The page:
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Embargo on Russian oil: Europeans will be the first “to suffer”

LWill the European Union’s decision backfire? Russian Deputy Prime Minister for Energy, Alexander Novak, warned on Thursday that the Europeans will be the first to “suffer” from the oil embargo decided as part of European sanctions against Russia for its intervention in Ukraine.

“European consumers will be the first to suffer from this decision. Not only the prices of oil but also those of petroleum products will increase. I do not exclude that there is a large deficit of petroleum products in the EU,” said Alexander Novak in an interview broadcast on Russian television.

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The European Union announced on Monday an embargo on 90% of Russian oil by the end of the year, an announcement that increased fears of a shortage. Alexandre Novak swept away the danger posed by this measure for Russia: “It is a decision deferred in time, it is for six to eight months, and during this time the market must reorganize. After months of waiting despite the surge in prices caused by the conflict in Ukraine, members of OPEC and its allies decided on Thursday to move up a gear and boost their oil production, thus responding to calls pressing Westerners.

Boosted production

Alexander Novak, first as energy minister and then in the senior rank of Russian deputy energy prime minister, has represented Russia to OPEC for years. Within the informal alliance dubbed “OPEC+”, Russia and OPEC had succeeded at the end of 2016 in jointly limiting their supply, which in total represents half of the planet’s production, allowing them to regain control of a oil market in disarray. This had kick-started regular, albeit stormy encounters in the following years.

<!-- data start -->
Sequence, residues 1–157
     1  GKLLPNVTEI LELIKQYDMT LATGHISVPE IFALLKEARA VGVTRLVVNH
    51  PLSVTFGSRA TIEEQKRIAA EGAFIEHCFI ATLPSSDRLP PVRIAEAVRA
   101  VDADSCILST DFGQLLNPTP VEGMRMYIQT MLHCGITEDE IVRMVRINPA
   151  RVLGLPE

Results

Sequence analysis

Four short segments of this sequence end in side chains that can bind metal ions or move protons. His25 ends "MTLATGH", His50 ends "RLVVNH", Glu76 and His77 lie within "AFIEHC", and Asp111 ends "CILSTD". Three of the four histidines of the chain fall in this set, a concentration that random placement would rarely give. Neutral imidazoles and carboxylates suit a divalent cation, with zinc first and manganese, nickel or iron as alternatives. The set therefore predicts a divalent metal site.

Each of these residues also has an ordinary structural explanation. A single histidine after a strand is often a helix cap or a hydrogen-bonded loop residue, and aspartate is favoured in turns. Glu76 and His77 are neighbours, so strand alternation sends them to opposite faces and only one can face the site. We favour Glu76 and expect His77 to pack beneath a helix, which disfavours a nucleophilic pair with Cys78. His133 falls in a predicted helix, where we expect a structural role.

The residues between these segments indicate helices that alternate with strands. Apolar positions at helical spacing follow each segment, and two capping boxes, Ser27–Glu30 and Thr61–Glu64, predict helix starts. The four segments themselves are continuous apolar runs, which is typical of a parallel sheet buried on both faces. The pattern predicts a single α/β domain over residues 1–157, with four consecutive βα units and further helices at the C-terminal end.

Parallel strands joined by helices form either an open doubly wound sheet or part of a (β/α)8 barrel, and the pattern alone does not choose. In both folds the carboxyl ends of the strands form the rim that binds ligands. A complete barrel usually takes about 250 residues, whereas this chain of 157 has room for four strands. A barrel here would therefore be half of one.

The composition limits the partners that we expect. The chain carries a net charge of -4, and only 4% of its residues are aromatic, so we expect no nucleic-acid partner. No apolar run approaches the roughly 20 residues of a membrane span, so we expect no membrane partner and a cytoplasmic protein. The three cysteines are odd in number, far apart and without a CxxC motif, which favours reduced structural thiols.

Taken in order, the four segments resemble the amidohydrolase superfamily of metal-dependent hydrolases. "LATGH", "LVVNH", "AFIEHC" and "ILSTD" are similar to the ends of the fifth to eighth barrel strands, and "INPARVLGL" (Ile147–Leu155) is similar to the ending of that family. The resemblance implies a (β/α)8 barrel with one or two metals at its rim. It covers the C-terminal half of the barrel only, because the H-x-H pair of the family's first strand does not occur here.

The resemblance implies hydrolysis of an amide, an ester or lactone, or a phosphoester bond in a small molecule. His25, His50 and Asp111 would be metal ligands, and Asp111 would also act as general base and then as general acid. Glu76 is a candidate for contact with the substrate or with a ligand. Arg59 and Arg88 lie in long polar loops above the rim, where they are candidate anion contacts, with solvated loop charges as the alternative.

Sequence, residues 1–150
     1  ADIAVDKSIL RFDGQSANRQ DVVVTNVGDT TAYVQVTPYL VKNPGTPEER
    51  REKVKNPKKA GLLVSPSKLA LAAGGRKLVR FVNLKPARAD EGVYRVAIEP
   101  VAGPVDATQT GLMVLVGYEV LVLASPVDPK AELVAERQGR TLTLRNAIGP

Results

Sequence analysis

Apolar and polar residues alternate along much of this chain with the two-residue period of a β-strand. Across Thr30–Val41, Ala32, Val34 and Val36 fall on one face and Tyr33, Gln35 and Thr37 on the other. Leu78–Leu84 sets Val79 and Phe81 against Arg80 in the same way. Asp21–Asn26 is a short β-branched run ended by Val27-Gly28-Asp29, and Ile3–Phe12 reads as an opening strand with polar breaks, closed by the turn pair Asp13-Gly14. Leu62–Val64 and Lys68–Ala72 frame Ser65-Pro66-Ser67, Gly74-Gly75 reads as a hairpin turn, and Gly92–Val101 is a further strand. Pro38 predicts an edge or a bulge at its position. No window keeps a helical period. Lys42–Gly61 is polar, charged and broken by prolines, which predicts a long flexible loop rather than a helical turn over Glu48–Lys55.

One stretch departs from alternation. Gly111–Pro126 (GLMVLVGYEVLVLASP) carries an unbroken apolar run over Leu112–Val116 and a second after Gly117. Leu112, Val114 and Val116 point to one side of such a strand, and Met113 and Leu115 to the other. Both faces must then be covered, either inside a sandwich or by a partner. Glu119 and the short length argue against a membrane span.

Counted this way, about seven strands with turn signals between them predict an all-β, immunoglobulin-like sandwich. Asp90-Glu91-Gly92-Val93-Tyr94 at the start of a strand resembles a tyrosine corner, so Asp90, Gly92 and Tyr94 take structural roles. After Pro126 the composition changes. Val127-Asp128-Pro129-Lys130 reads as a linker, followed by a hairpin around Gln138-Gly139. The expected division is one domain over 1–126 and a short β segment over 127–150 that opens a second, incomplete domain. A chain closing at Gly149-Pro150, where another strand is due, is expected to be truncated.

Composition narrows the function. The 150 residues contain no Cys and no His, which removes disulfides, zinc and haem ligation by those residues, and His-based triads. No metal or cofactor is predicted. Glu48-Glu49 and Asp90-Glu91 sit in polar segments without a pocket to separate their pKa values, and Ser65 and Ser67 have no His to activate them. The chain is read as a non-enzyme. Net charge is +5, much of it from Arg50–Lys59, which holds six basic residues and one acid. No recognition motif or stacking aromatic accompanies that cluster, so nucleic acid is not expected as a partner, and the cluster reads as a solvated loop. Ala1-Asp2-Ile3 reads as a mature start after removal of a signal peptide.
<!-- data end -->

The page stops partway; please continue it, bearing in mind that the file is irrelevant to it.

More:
“In my opinion and in the opinion of the participants in today’s ministerial meeting, the market is quite balanced. We see that this year the total increase in demand will be around 3.5 to 4 million barrels per day, ”said Alexander Novak following an OPEC + meeting, which Russia did not have. was dismissed on Thursday. He said this OPEC+ move was made to support growing demand.

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“We see that the demand increases in the summer, the activity of oil refineries will increase, the consumption of petroleum products increases due to more active road travel, increased air transport”, he underlined. “Thus, the decision [de l’Opep + ] will balance the markets and ensure the balance between supply and demand,” he concluded.

He also anticipated a pick-up in demand in China, where coronavirus containment measures are still in effect, stressing “the importance for us to continue constant interaction” and “to monitor the situation on a monthly basis”.

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